I walked into work on Sunday and saw a massive stack of graphic novels on the counter. The stack was so large I thought that perhaps someone on staff was reorganizing the entire section. Just as I was about to ask about it, a woman in pigtails with a sharp focus added more to it, apologizing for taking over part of the counter. I assured her amassing a large pile of books is never a problem. I asked about the sheer number of graphic novels she was purchasing and she said they were all for the Starksboro READ Book Wagon.
I followed her back to the graphic novel section, which was fairly decimated, and asked more about the Book Wagon. Secretly, I’ve always wanted a Flying Pig Book Mobile, so the idea of a Book Wagon was intriguing. The customer, Mary O’Brien, the Book Wagon coordinator, explained the simplicity of the wagon. First let me explain that Starksboro is a lovely small town in rural Vermont, with surprising pockets of poverty and a population of under 1,700. Once a week a volunteer (they rotate weeks) drives to the three trailer parks, three day care centers and the old school house. Children get to pick out one book and keep it. Forever.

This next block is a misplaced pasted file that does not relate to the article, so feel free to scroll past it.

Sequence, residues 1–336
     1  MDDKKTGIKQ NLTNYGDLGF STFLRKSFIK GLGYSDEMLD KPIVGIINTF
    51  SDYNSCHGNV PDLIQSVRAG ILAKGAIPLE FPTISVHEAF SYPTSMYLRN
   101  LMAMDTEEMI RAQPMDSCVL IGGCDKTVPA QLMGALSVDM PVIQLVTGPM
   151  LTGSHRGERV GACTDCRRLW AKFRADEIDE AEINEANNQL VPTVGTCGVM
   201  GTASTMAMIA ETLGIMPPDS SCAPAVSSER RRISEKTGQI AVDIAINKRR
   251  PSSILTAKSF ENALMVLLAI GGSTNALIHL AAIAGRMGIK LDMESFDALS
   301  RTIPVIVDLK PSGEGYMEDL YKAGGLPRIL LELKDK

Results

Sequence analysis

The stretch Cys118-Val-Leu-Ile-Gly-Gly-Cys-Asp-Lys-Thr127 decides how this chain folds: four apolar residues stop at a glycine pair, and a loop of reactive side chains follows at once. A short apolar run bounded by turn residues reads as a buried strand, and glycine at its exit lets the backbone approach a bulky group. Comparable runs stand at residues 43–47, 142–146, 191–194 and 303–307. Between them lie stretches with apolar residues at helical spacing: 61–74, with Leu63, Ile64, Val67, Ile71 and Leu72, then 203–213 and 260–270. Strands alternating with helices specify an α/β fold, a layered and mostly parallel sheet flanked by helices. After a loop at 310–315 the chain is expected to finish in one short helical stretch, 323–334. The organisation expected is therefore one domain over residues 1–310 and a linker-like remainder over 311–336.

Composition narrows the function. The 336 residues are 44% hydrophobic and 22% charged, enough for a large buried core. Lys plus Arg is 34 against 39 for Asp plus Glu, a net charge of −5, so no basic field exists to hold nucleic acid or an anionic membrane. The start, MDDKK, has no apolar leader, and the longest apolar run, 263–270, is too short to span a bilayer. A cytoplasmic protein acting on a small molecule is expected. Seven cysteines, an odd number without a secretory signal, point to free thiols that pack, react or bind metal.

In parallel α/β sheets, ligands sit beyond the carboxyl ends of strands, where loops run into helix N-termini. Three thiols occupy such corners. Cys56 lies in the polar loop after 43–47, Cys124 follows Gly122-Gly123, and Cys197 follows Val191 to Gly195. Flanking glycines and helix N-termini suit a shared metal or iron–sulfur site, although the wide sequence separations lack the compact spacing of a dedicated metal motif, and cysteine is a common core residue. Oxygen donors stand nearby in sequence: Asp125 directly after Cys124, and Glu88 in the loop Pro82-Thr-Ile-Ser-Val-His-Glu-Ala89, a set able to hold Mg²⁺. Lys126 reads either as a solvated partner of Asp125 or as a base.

This is not a lending library on wheels, this is a free bookmobile. Mary explained that the number of free books they’ve given away just keeps climbing, up from 65 at the beginning of the summer to just over 90 last week. Think of the ripple effect of this. Ninety kids took home books to keep last week. Almost 100 children added a book to their personal collection, or started a collection. To own a book when there might not be any in the house is a huge thing. And the Book Wagon team seems to be very attentive to what the kids have been clamoring for. Mary only bought graphic novels and board books. She knows these kids and wants to have books they’re eager for, or have asked about, on the wagon. The wagon raises money for these book purchases through donations and a yearly auction, and they spend it wisely. We helped Mary stretch her budget by offering 20% off all her purchases.